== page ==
Tuesday, 27 October 2009

Cruise Vacations For Seniors

In many areas of the world, including the United States, we often view senior citizens as having limits. While health issues may plague some senior citizens, most individuals are healthy and happy. In fact, many consider their senior years to be the prime of their live. If you are one of those individuals, you could experience fun and excitement aboard a cruise ship.

One of the most common concerns aboard a cruise is safety. Many senior citizens and their family members are concerned with the health risks of taking a cruise. If you or your family has fears associated with extended cruises, you may want to seek guidance from your family physician. With a simple visit, your physician may easily be able to determine whether or not you are up for the voyage.

If and when you receive the okay from your doctor, you can begin to further examine vacationing aboard a cruise ship. When examining cruise ships, you are encouraged to examine a number of cruise lines and each of the ships that they have available. To get started on your search, it is advised that you examine Royal Caribbean Cruises, Celebrity Cruises, Carnival Cruise Lines, and Princess Cruises. The foresaid cruise lines are just a few of the many that service travelers; however, they are often considered the most popular.

When examining a particular cruise ship, you are encouraged to search for activities and services that you are attracted to. These services are important because they are often the only way for seniors to find the perfect cruise ship. At the current time, there is not a large, well-known cruise ship company that offers cruises specifically for senior citizens. That does not mean that you shouldn’t take a cruise. It does; however, mean that you may need to spend more time researching your available options.

You can and should search for cruise ship activities based on your own preferences. Many seniors prefer cruise ships that offer elegant dinning facilities and activities geared towards mature crowds. If safety is a concern, you may wish to vacation aboard a family fun cruise. These cruises are geared towards individuals and families of all ages. Many times, a family fun cruise has a more appropriate environment. Seniors, including yourself, may find this environment warm and welcoming.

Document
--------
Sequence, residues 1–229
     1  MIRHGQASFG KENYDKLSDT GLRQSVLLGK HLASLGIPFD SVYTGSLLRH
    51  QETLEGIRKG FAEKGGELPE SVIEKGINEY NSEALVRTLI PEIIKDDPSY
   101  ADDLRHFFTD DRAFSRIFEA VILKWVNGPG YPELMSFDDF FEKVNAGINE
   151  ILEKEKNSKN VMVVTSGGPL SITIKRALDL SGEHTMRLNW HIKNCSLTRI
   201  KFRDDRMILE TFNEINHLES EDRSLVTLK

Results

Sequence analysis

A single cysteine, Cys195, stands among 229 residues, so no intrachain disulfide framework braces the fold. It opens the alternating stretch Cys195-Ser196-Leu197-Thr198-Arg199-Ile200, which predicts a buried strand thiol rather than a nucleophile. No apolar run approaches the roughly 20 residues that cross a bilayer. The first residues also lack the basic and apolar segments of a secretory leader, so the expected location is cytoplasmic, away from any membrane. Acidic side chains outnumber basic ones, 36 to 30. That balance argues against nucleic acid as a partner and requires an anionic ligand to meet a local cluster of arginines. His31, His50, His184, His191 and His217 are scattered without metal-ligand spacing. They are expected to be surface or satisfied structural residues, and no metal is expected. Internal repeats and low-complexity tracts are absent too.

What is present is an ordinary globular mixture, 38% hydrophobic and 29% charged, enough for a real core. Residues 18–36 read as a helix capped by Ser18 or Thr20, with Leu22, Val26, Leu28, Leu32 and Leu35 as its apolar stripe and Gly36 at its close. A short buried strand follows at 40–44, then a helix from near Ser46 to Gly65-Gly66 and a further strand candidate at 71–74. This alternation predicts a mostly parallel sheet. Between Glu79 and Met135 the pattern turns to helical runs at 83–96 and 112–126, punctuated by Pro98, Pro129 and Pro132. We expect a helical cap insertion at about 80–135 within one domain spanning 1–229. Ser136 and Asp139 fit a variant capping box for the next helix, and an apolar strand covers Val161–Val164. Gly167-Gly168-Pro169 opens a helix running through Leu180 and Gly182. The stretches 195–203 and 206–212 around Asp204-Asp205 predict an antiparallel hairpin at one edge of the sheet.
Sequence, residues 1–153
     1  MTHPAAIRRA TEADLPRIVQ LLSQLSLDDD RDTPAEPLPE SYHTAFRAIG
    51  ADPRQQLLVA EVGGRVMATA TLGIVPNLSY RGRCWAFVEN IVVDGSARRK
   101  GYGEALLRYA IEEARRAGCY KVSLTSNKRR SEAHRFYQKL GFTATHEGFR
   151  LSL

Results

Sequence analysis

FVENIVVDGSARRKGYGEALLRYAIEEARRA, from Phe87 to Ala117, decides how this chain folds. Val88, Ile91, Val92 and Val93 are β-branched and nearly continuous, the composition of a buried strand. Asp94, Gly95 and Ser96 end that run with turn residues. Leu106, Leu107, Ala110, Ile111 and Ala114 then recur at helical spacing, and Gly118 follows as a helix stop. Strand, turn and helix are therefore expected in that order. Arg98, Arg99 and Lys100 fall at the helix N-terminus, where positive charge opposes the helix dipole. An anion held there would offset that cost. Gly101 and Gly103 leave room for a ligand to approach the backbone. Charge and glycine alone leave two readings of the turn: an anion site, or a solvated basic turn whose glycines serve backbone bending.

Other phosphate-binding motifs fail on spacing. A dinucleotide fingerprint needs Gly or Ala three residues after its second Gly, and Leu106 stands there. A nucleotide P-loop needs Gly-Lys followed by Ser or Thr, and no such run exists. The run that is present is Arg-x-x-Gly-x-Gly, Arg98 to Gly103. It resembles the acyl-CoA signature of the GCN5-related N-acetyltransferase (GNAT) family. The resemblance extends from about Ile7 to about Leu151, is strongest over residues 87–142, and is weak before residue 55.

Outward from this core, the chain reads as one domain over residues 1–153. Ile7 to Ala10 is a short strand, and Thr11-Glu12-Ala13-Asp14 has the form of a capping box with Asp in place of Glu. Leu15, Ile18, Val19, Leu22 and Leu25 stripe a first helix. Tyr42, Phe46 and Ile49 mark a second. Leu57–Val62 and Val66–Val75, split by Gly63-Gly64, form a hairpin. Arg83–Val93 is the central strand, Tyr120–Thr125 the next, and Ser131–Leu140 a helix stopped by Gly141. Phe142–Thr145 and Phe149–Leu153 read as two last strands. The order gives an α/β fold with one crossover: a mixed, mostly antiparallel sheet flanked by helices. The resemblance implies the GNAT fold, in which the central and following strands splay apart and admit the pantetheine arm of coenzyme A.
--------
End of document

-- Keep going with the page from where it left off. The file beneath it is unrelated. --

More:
Once you have made the decision to take a cruise ship vacation, you may be excited to book your reservations. Senior citizens are urged to refrain from purchasing tickets and making travel accommodations on a whim. This is because many seniors qualify for cruise ship and other travel discounts. Many of these discounts are offered by AARP, Triple A, and other membership clubs. Even if you may not qualify for travel deals and discounts, you should still see if they exist. Until you look, you never know if you can book a cruise at a discounted price.

Cruise ship travel is a fun, exciting, and rewarding experience, no matter what your age. All most all cruise ships are safe enough that you can even vacation alone. If you are concerned with your safety while traveling alone, you may want to invite along family or your senior friends. With a large number of discounts, it is quite possible that you can all enjoy a vacation aboard a cruise ship, without having to go broke.

Published At: Isnare Free Articles Directory http://www.isnare.com
Permanent Link: http://www.isnare.com/?aid=71472&ca=Travel

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Taking The Perfect Bermuda Cruise

Whether honeymoon or a get-together of families or friends, a Bermuda cruise is the perfect way to enjoy. No matter what your likes or dislikes are; from pink sand beaches and shopping alleys to colorful nightclubs, Bermuda will have something to offer for the traveler looking for something extraordinary.

A Bermuda cruise is the best way to unearth the jewels of Bermuda, the total land area of which is about 22 square miles only. A variety of cruise options are offered – family, business, honeymoon or even for singles. There are two options for choosing a Bermuda cruise – you either board your cruise from the US itself or take a flight to Bermuda and then embark on your journey.